Iran’s improved economic condition, however temporary, also strengthened Ahmadinejad’s hand when it came to managing Iran’s complex and controversial foreign relations situation. Until two years ago, the shunning of Iran by the West, spurred on by Ahmadinejad’s hard-line positions on nuclear energy, Iraq and Israel, was creating a backlash among a significant segment of the population of Iran, including Ahmadinejad’s political base. The underprivileged who brought Ahmadinejad to power found themselves bearing the brunt of the economic consequences of political isolation and economic sanctions. Popular opinion held that Ahmadinejad had gone too far, and that there was a need for more moderate policies designed to ease tensions with the West and improve Iran’s economy. Iran’s economic surge, fueled more by higher oil and gas prices than sound economic policy, eliminated that domestic pressure almost overnight.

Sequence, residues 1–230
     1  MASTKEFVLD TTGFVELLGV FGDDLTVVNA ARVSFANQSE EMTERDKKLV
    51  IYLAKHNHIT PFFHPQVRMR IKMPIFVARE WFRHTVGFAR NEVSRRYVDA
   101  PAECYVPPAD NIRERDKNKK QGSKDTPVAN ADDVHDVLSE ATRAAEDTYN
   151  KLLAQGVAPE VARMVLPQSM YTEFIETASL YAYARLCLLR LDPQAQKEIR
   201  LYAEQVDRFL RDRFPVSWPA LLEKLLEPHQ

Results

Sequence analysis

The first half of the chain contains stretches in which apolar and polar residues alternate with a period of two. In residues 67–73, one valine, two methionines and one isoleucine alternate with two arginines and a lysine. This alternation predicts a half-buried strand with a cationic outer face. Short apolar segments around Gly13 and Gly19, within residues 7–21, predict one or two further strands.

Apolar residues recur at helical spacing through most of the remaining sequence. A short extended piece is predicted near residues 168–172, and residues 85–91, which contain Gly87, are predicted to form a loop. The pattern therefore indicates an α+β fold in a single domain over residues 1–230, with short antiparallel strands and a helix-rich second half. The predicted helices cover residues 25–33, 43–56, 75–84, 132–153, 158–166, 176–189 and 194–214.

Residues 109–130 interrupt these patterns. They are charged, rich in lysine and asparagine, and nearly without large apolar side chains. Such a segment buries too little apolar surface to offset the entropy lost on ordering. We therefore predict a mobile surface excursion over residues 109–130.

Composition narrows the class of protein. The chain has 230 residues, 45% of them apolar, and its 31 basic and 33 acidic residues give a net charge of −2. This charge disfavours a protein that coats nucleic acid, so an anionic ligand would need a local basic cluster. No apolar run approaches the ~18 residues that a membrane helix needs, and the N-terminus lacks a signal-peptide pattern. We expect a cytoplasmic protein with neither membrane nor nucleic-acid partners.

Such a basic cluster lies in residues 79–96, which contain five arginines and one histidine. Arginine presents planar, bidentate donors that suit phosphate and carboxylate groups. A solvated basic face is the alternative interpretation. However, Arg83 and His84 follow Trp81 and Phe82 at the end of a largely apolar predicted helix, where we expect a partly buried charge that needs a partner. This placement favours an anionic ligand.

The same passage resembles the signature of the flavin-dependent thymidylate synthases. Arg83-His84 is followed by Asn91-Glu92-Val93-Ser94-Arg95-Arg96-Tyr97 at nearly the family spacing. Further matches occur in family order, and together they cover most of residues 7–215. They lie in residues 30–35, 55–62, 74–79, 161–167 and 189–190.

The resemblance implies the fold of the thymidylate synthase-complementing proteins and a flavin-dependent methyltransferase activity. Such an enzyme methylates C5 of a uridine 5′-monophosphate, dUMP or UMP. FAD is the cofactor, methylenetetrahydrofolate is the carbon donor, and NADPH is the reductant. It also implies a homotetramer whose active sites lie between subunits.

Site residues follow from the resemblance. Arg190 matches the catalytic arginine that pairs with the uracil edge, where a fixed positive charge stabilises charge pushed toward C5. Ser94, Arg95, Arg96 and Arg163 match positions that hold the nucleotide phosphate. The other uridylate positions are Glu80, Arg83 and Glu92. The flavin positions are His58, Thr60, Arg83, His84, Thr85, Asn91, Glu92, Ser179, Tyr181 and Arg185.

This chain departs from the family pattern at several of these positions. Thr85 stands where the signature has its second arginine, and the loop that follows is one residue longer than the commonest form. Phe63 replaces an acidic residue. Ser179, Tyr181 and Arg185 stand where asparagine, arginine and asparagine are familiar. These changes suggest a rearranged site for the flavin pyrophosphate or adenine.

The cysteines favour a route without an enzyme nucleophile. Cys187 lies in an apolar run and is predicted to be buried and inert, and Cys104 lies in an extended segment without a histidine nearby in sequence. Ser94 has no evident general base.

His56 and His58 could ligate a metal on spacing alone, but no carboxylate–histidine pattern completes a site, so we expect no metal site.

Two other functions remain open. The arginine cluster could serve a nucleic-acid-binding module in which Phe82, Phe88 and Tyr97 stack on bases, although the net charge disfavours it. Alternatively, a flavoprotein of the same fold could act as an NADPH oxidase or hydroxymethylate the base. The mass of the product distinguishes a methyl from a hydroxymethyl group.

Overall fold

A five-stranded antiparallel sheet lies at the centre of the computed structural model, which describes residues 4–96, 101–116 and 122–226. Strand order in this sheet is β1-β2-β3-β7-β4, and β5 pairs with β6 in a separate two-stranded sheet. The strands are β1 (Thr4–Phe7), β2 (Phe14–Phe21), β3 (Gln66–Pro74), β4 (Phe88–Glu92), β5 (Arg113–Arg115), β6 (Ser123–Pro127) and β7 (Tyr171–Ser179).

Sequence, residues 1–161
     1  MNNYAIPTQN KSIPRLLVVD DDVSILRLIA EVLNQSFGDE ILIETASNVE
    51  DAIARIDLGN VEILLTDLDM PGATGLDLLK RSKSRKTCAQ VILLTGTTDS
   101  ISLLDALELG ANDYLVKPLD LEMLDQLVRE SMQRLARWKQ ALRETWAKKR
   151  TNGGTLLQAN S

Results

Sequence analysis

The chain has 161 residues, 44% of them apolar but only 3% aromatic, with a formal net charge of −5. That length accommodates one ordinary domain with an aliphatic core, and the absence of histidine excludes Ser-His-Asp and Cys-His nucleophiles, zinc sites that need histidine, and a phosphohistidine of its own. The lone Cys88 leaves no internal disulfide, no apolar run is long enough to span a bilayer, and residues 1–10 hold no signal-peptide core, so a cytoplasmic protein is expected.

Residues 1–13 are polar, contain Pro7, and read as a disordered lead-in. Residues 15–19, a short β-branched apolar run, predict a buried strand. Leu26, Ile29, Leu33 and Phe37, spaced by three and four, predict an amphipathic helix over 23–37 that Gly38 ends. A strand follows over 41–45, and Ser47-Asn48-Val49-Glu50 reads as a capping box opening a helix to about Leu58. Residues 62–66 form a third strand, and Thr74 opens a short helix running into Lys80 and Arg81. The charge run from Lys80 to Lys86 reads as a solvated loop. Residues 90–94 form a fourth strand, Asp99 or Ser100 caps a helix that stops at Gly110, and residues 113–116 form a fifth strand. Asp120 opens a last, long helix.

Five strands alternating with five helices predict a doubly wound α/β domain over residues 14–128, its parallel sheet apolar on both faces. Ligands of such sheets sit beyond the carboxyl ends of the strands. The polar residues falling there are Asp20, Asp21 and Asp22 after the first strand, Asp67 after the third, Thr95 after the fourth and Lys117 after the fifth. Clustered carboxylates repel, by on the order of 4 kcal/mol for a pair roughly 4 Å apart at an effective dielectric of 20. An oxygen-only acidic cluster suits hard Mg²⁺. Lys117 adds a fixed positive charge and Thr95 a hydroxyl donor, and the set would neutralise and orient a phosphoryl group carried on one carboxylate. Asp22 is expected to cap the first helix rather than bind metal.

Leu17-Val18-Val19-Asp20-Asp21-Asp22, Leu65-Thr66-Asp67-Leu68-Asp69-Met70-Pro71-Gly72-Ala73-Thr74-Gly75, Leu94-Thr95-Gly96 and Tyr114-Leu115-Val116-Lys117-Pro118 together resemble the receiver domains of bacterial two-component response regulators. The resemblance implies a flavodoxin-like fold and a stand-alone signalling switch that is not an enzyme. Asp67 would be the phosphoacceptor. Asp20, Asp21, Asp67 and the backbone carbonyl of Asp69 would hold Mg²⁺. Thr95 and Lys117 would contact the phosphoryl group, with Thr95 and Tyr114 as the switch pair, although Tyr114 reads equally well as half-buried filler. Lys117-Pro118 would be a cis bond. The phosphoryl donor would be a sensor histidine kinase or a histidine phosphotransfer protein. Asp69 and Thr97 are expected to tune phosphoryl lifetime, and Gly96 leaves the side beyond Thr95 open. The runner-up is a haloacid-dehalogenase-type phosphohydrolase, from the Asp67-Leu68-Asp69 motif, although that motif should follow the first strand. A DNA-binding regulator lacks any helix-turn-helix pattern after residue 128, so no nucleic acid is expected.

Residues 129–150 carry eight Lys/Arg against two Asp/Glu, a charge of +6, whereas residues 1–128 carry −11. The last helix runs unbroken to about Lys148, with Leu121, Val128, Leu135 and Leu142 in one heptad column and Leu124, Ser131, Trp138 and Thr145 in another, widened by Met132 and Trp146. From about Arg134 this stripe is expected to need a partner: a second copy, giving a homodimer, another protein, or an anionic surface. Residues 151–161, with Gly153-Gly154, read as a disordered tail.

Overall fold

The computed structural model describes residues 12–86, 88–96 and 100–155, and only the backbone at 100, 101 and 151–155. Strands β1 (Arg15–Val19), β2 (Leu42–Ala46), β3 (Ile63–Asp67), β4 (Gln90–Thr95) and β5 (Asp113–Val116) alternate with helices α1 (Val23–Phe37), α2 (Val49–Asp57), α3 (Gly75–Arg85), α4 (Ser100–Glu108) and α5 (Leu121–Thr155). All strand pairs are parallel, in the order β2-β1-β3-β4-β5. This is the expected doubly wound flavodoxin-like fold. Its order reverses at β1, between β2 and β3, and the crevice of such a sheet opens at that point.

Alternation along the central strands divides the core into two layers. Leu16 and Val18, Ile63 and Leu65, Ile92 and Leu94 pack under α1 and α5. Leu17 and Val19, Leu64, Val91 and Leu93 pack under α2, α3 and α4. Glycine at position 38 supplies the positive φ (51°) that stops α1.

Moreover, aggressive and belligerent rhetoric emanating out of Israel and the United States — touting the possibility of military action against Iran in the hope that the Iranian people would be compelled to vote Ahmadinejad out of office if they were placed under the cloud of potential conflict — backfired. With food in their bellies and money in their pockets, Iranians increasingly rallied around their president in the face of the increasingly hawkish rhetoric coming from American and Israeli politicians and military officials. While President Barack Obama has called for unconditional talks with Iran and appealed for moderation in U.S.-Iran relations, the U.S. military and intelligence services continue to conduct covert operations designed to undermine the authority and viability of the current Iranian government. Ahmadinejad, given the focus of attention that had been placed on him, was able to tap into this wave of newfound Iranian nationalism in a very personal way, melding himself as one with all of Iran. Mousavi’s calls for improved ties with the West, when seen in this light, were counterproductive and severely damaged his election chances.